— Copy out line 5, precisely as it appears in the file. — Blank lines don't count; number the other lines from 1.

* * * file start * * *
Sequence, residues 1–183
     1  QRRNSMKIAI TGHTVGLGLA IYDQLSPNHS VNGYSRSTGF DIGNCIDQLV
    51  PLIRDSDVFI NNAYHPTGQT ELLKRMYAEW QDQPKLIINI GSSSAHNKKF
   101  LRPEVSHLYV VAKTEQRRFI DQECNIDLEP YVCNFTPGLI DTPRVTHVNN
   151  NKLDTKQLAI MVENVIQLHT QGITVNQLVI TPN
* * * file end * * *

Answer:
   151  NKLDTKQLAI MVENVIQLHT QGITVNQLVI TPN